Learning the Victorian way at St George’s

CHILDREN at St George’s CE Primary, Mossley, were transported back to a bygone era for a ‘Victorian Day’.

In Year 3, they had been studying the topic as their school was built during this era, so it made the perfect backdrop for day.

Swift class was invited to come to school dressed as Victorian schoolchildren for a Victorian school day.

St George’s Primary Victorian Day

The classroom was changed from the vibrant, fun learning environment it usually is to a Victorian classroom with walls only showing the Lord’s Prayer, timestables and letter formation and a fire on the interactive whiteboard.

The day started with site manager Steven Mayall dressed as a headmaster, greeting the children on the playground. There were a lot of confused faces as the children were stood into two separate lines and headmaster Mayall talked to the children about the school rules and expectations while remaining in character. Even some of the parents got a stern talking to.

Once in the classroom, the children began their morning with reading, writing and arithmetic. The children were able to try out their writing using slates and chalks, hired from Quarry Bank Mill. They then made their own cup-and-ball game.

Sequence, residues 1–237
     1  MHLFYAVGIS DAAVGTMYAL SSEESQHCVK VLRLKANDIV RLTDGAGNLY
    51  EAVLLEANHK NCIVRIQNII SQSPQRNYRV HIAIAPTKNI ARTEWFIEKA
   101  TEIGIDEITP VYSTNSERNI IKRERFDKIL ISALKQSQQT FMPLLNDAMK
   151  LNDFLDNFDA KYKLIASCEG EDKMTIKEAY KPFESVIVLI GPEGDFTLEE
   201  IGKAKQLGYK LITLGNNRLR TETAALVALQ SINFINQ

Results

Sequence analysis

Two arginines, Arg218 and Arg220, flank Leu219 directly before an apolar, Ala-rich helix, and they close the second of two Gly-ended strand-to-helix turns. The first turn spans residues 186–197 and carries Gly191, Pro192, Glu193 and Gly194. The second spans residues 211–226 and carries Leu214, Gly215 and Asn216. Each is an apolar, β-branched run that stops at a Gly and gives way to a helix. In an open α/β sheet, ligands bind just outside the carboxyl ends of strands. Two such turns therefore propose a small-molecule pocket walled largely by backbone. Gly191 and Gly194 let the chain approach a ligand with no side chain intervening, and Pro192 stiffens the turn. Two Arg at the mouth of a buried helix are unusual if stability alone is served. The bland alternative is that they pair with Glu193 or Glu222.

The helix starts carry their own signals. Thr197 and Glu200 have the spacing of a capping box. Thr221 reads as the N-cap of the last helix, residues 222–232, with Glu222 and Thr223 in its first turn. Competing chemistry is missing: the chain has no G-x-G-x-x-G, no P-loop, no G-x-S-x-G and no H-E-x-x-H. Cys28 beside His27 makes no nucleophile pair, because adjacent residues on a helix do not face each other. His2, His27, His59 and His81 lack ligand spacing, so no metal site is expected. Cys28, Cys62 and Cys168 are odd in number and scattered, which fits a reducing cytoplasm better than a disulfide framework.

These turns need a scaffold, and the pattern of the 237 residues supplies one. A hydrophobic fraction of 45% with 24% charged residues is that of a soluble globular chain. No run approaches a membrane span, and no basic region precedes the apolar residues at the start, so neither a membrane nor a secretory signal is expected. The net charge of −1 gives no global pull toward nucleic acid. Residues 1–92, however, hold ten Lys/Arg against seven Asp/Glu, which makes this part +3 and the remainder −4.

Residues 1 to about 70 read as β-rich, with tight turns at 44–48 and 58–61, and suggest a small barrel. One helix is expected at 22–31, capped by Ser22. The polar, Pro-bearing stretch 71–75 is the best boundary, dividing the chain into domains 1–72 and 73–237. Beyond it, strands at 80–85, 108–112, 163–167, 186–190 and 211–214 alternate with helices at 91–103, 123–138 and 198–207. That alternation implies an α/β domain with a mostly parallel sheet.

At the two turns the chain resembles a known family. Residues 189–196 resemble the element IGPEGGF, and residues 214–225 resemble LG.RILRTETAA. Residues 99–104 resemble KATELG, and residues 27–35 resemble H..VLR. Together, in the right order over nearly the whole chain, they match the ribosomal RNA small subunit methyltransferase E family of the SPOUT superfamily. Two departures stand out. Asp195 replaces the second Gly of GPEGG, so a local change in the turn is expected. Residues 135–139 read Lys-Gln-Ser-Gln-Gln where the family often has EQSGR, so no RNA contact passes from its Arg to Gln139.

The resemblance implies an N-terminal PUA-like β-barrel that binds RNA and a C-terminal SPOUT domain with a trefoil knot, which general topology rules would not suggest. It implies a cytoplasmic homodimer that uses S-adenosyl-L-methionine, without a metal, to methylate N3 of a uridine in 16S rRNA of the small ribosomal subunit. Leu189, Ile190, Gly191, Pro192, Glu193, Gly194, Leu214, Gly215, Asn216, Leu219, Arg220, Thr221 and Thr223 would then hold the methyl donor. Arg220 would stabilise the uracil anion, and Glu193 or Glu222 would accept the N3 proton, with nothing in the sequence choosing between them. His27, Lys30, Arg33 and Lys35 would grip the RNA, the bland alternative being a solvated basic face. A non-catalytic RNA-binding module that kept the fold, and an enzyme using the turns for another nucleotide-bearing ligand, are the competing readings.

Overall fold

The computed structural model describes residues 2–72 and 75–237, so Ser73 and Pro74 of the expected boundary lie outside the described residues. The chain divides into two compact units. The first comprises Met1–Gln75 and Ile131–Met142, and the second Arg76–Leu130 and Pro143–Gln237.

Children tried out a lot of traditional Victorian games which they were surprised to learn were played during the Victorian era: hopscotch, hoop and stick, egg and spoon, skipping and of course they played with their ball and cups.

In the afternoon they looked at old pictures of their school and then headed outside to sketch using charcoal.

The day ended with Father David Warner and Father Ian Brocklehurst visiting for their outdoor Easter service.

The following day the children explored the project boxes they hired from Quarry Bank Mill. Each box costs £20 to hire and you can use them for two weeks.

They had access to the machines and homelife box, looking at many different artefacts and the children enjoyed guessing what each was for.

They watched videos of the inside of the mill, looked at Victorian money and learnt more about how Samuel Greg ran the mill.

Although they weren’t able to visit Quarry Bank, it was wonderful to be able to bring the trip to school. The hands-on experience will be remembered by the children for years to come and was a wonderful way to end the half term.

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